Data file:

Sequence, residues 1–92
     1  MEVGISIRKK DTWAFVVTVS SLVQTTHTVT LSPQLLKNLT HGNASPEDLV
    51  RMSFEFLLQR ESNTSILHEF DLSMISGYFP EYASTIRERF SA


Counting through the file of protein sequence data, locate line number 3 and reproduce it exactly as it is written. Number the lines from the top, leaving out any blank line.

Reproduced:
    51  RMSFEFLLQR ESNTSILHEF DLSMISGYFP EYASTIRERF SA